of the salvation of the Hon of God.
Feature of Building
' , . r " '
and there were many who took advan-1
ioge 01 rne opportunity to look over
the building. The structure, which was
formerly the Royal Hawaiian Hotel,
Laa undergone extensive alteratioifs and
iniprovenient, that pluce it on a par
with the best equipped elub room in Ho-
1 .. I a.
wtiiPvm lira n ruir i 1 nA nmimv mr-tiijsk ba
a piano, phonograph, billiard, poog,,!, (. Hal.tcad
chess, dominoes, papers and magaxines. j ADlljl. H Lackland
Other accommodations are a laundry, Arthur M. Hodgina
locker r.Kim und showers. Later on it High H. hool Alumni
" I - m hjiuiik.iuui,
bowling alleys and swimming pool.
lectures, Hible and educatioual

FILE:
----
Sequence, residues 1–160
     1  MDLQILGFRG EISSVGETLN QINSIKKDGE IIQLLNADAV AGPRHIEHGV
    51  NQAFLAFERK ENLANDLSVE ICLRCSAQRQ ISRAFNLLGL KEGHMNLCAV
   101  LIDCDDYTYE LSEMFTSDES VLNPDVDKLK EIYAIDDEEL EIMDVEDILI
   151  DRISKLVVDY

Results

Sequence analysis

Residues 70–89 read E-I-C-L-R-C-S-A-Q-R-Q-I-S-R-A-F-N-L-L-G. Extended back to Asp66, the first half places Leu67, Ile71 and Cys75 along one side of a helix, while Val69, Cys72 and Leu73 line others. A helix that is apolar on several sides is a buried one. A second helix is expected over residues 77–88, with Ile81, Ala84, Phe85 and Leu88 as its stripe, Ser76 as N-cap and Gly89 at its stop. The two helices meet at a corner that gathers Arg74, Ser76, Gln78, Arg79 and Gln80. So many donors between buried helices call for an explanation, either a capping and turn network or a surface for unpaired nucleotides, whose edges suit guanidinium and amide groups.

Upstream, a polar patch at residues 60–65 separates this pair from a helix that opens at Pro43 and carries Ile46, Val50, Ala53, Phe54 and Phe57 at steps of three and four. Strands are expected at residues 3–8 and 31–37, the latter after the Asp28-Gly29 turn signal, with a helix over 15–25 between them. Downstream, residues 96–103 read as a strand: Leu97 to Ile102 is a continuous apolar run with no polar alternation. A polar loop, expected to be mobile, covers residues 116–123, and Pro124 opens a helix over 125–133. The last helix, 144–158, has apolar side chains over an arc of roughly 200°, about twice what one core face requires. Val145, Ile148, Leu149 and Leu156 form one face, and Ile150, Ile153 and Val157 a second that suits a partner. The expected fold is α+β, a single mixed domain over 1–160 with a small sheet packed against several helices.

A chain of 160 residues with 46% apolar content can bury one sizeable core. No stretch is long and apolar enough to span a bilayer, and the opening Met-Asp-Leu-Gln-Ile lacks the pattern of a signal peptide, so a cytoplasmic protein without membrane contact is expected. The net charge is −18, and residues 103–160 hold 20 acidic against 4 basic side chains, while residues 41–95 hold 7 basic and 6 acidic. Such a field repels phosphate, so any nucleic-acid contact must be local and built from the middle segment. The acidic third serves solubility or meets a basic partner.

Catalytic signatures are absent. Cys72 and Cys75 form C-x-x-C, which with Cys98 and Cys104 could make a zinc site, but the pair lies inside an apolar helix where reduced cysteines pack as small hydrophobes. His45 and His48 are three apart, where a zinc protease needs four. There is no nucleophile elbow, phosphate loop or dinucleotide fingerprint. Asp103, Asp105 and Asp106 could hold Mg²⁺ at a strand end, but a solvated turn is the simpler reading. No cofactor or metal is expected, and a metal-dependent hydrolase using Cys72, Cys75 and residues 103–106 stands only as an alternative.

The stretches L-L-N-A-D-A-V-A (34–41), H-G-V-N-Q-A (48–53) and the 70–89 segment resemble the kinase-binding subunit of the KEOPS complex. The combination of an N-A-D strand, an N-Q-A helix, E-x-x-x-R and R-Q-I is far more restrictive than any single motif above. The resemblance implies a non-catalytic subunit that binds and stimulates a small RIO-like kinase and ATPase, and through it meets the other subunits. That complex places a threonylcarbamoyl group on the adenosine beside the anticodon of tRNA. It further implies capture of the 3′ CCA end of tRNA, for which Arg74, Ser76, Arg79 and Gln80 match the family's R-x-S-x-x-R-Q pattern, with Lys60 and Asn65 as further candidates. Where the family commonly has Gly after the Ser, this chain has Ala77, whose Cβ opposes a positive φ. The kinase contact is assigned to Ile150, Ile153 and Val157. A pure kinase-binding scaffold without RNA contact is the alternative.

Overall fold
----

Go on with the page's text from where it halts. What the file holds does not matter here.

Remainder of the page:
classes are held at regular periods, and
other urlstisn work is earned out by 0. K. l!lemoiis
the eommittee. No membership fee is.Wade Warren Thaver! '. '.
charged. Antonio Perrv .
IHe eommittee of munscemeiit is as
follows: James Wakefield, chairman;
F. D. Lowrey, treasurer; K, A. Berndt,
' Arthur (1 14... 1 1 1, II, T., k lfn...a.
" -. ... vi -.i.
. i John Waterliouse, committee. Ex-
ecuuve orocers: w. A. Horn, supervis
ing secretary; Howard N. Mosher, asso
ciate secretary; George A. Andrus and
Thomas A. Fisher, assistant secretaries.
THREE NEW PIERS TO
Plan, are now being prepared for the
ll((lird of UBrbor commissioners for the
Bo"- r"Be -ytem and other fea-
...... ... 1... I..I.J .1: ... ....... al. V.
"r la" "
base and piers already built for Piers
H, and 1". at the foot of Kurt Htreet
to be constructed at uu extiiuated cost